Smith family tours DSYTC site

Special to WC Online

CARP – The dream is starting to take shape and Dave Smith’s family dropped by his life-long vision, a state-of-the-art youth treatment centre now under construction in the Carp Road Corridor, and widow Darlene Smith is blown away by what she sees.

The 30-bed, 25,000 square-foot (2,322 sq.-metres) Dave Smith Youth Treatment Centre (DSYTC) has come a long way since the groundbreaking ceremony last June. The roof is on, and the walls are up, and it looks fantastic.

The DSYTC at its 1895 Bradley Side Rd. location, has a main hall entrance that will feature two classrooms, a kitchen, offices for staff and many other amenities. There are lots of windows, and the facility is beautifully designed and built to last. The sightlines allow counsellors to see down the halls of both wings from the reception area.

There are two identical wings, each with 15 beds. Each room has its own washroom and is fully accessible. The centre will have radiant heating, and while most rooms are double-beds there will be a couple of single bed rooms for special cases including, perhaps a COVID-19 infection.

The walls will have wood up to six-feet high (two metres), with drywall to the top. This will help keep the centre looking its best for years to come. Past experience of fixing holes in drywall have taught the DSYTC team that.

Rooms are roughly 200 sq.-ft, up from the 100 to 110 sq.-ft rooms the current facility has.

There will be a greenhouse and one of the DSYTC therapists is currently taking a course on horticulture therapy. Later they hope to add a basketball court and other outdoor amenities.

A photo from inside the construction site.
Members of Dave Smith’s family and the team behind the DSYTC look through the main hall of the construction site. Photo by Jake Davies

“This was always Dave’s dream,” Dave’s widow and partner in philanthropy Darlene Smith told West Carleton Online during the tour. “The miracle is happening.”

Darlene joined Dave’s family Sharron Smith, Cheryl McLaren, John Guinn, Allan McLaren and DSYTC senior director of philanthropy Cindy Manor on a tour of the roughly $20 million facility.

“I call it the field of dreams,” Darlene said. “We can keep this place filled for years, unfortunately.”

Darlene dropped by the construction site for the first time since the ground-breaking last Easter weekend.

“It was such a moment,” she said. “It was 30 years ago, and I didn’t know where we were going. The day we cut that ribbon on the new centre is going to be a wicked day. I just could not believe from talking to Dave all that time ago, to seeing it happen. I don’t know what I thought at the time, but when I saw this, I thought yes, this is it. I could feel Dave’s energy. We always believed every kid that is going through this is our kid.”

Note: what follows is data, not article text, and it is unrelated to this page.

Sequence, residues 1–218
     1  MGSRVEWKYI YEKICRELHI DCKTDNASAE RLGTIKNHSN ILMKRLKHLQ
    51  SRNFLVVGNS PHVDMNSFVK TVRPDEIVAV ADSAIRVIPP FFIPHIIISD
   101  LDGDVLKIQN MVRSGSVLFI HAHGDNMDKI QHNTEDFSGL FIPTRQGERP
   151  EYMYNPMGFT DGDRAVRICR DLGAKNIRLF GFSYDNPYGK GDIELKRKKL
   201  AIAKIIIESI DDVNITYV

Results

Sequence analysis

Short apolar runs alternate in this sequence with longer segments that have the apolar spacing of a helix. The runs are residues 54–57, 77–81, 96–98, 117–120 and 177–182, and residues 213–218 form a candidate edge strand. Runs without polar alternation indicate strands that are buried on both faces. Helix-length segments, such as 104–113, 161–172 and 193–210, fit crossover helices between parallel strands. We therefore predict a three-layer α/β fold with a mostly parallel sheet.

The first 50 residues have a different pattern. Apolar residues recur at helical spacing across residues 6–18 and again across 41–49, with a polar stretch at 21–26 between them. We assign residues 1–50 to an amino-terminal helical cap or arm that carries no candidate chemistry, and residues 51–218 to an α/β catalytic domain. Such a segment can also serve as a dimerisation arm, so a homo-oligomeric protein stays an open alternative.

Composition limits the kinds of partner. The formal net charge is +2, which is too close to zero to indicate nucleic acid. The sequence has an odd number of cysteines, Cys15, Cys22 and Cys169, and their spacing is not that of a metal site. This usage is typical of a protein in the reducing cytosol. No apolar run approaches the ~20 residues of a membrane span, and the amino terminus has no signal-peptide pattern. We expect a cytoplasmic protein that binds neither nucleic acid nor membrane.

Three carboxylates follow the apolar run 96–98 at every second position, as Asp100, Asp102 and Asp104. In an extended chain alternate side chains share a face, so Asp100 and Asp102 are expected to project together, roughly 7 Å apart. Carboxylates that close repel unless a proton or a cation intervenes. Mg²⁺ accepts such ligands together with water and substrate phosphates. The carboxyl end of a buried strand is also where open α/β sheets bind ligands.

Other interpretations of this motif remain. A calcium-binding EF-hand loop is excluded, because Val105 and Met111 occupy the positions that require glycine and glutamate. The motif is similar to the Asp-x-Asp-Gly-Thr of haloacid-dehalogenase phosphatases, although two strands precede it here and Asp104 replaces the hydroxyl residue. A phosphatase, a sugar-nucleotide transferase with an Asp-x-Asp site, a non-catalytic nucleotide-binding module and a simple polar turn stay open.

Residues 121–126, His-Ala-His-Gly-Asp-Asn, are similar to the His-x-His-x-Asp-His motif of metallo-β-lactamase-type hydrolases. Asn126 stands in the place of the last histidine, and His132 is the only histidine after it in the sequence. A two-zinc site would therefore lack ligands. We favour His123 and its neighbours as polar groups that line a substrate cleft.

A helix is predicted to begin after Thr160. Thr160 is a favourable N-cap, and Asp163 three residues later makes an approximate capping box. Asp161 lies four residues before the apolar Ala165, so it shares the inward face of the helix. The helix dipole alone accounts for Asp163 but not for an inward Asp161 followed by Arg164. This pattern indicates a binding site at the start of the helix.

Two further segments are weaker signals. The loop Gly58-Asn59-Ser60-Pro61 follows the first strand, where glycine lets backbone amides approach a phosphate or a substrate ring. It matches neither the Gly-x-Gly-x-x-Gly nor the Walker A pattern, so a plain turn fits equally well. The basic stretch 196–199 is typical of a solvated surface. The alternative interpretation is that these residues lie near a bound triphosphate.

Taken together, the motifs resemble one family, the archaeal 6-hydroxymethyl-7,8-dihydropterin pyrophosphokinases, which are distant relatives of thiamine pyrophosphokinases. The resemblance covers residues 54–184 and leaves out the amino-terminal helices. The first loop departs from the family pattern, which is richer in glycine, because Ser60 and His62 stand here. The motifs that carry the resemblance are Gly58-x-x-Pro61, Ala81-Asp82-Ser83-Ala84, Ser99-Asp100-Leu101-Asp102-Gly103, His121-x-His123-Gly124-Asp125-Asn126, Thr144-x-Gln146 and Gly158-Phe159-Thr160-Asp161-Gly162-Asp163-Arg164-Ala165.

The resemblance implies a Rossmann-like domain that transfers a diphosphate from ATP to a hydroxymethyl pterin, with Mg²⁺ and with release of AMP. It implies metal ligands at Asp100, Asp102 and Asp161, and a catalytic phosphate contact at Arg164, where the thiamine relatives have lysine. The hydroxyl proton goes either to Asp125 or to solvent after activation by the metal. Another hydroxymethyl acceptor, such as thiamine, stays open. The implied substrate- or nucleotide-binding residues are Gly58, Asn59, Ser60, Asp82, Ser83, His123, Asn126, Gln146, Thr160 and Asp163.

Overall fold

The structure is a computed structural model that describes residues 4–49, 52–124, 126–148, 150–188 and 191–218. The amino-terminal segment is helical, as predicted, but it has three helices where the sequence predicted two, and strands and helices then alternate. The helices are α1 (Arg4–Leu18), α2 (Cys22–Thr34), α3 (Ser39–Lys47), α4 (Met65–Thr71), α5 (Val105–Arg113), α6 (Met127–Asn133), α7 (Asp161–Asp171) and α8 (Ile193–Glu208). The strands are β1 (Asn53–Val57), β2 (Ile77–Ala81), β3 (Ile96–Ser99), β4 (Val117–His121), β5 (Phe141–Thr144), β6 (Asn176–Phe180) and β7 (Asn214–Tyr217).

Darlene says, while Dave led the way, this took a team to get here.

“The team of people involved in this are angels without wings,” Darlene said. “They are true believers and they’re getting it done. You need a village.”

Darlene married Dave when she was 26 and he was 56. They met at an AIDS benefit. Dave was born and raised in Ottawa to Russian-Jewish immigrants, Smith established himself in the business community by starting Nate’s Deli, which spawned a successful catering business and later, several other popular restaurants.

He raised more than $140 million for local, national and international charities over the years, while founding both his eponymous drug treatment centre in 1993 and the Ottawa Technical Learning Centre.

He has received both the Order of Ontario and the Order of Canada. Dave passed away at 87 in September 2020.

“Dave was quite a force,” Darlene said through some tears. “He was his own man. When he wanted something done, he did it. He never said no to anyone. He instilled in people a want to give and to help. I never met a person like Dave. That connection he had with people was incredible.”

Darlene says she has a lot of Dave memorabilia she is going to donate to the centre once its opened. She says she might be able to help out in the kitchen as well.

“We can show them how to make a smoked meat sandwich, no doubt about that,” Darlene said.

Once complete the new DSYTC will provide youth aged 13-21 and their families in Ontario with integrated, live-in, evidence-based addiction and mental health treatment, delivered by competent professionals within a caring and compassionate environment.

The DSYTC is $2.9 million shy of its fundraising goal ahead of an expected 2023 opening. If you are interested in contributing, click here.

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